Use this URL to cite or link to this record in EThOS: http://ethos.bl.uk/OrderDetails.do?uin=uk.bl.ethos.658353
Title: The role of surface amino acid residues in protein folding and stability
Author: Huang, Yan
ISNI:       0000 0004 5353 0259
Awarding Body: University of Newcastle upon Tyne
Current Institution: University of Newcastle upon Tyne
Date of Award: 2014
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Abstract:
Colicin A is a plasmid encoded bacteriocin produced by Escherichia coli (E. coli) regarded as a potential antibiotic. Colicin A is unusual in that it requires acidic lipids for its activity and its pore-forming domain (ColA-P) forms an acidic molten globule state. Previously it was shown that surface aspartyl groups are essential for the stability of colicin A in solution. Learning the role of these surface amino acids in folding and stability of Colicin A pore-forming domain requires knowledge of the folded and unfolded states. To do this the aspartates were replaced by alanine, asparagine, glutamate and glutamine respectively. The folded and unfolded states of the protein were probed experimentally by near and far UV CD spectra and NMR 1H-15N HSQC-maps. The urea unfolding processes were studied and analysed by fluorescence emission spectra. This showed the unexpected result that this single domain protein unfolds in two distinct transitions, the first one being destabilized, and the second one being stabilized, by low pH. The thermal denaturation transitions of the protein were measured by differential scanning calorimetry (DSC) and CD spectroscopy at 209 nm and 295 nm. Unexpectedly the DSC data showed that the measured ΔHtr was always half the ΔHvt’H (van’t Hoff) value and possible reasons for this are discussed. The data show that the aspartate to alanine replacements destabilize the protein significantly and the asparagine mutations do not. ColA-P D216, D274 and D372 are N-cap residues in the full length protein and this may explain why protonated Asp destabilizes the protein at low pH. The glutamate and glutamine mutants stabilize the protein more than expected for true N-capping residues. The biochemical function of the surface aspartates were studied comparing the NMR 1H-15N HSQC-maps of the proteins. The NMR experiments show that the aspartate to alanine mutation destabilize the protein in the same way as the acidic environment.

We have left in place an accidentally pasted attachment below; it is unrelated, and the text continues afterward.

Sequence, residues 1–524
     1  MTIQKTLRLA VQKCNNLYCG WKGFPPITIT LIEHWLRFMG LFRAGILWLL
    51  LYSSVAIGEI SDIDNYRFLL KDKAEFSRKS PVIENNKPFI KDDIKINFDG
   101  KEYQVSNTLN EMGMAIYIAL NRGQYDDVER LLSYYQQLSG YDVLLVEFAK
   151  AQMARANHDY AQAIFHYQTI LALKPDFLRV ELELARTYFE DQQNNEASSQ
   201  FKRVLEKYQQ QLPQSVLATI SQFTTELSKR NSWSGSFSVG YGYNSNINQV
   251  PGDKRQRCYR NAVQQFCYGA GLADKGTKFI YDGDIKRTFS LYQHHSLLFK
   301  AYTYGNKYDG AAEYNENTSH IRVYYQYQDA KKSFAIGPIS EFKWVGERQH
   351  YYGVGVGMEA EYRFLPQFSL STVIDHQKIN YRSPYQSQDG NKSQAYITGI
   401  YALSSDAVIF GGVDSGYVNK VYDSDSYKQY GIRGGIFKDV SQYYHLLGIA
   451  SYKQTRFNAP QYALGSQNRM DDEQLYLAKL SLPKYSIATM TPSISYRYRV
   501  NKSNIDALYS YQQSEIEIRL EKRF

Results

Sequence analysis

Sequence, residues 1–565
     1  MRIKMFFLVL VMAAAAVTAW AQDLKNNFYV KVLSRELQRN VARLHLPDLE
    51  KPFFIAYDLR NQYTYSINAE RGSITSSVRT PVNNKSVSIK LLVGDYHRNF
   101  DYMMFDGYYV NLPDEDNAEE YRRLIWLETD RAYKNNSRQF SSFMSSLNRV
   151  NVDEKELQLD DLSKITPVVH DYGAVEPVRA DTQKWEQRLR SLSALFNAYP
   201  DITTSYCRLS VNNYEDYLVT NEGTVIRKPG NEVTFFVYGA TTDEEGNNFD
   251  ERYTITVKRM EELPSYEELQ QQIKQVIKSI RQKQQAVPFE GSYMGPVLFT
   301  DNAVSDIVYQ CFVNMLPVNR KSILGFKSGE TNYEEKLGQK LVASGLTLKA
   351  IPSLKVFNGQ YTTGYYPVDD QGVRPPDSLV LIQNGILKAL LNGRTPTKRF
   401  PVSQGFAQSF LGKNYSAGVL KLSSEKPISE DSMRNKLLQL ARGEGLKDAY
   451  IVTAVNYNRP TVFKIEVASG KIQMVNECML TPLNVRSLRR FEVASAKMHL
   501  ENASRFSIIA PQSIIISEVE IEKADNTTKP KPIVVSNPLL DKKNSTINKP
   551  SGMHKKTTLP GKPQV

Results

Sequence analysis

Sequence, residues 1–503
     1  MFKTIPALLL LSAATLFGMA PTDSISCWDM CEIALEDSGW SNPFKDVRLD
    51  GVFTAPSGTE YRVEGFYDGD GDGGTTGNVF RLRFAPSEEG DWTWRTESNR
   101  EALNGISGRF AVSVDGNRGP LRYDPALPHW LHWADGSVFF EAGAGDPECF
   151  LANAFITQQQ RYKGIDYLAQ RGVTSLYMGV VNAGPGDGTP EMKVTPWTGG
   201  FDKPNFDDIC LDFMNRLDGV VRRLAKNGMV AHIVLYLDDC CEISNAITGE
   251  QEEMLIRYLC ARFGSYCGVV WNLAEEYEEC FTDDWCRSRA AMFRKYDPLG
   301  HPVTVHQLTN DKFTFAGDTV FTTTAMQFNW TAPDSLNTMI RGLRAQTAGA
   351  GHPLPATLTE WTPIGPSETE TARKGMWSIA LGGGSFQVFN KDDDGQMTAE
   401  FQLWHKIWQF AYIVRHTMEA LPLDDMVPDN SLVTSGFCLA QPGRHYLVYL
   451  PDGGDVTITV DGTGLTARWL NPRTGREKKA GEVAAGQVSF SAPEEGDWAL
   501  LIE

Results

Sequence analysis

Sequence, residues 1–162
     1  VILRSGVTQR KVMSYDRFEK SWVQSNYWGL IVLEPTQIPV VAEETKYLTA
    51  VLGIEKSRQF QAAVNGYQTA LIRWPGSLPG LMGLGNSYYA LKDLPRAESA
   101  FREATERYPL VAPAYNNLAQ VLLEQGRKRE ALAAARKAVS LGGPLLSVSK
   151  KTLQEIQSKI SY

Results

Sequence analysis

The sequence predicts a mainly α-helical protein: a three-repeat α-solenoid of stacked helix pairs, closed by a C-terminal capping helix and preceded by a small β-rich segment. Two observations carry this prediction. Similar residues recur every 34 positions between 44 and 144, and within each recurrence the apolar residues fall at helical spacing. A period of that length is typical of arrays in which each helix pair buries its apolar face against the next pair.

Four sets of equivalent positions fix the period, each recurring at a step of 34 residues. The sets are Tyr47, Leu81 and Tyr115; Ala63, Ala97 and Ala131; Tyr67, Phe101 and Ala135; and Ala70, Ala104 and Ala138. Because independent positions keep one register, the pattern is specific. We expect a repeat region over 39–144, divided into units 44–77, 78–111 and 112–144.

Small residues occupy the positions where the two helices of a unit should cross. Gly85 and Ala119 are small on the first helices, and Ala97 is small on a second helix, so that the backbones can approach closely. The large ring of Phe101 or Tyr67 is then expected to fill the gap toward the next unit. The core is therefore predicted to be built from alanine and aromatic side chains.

Supervisor: Not available Sponsor: Not available
Qualification Name: Thesis (Ph.D.) Qualification Level: Doctoral
EThOS ID: uk.bl.ethos.658353  DOI: Not available
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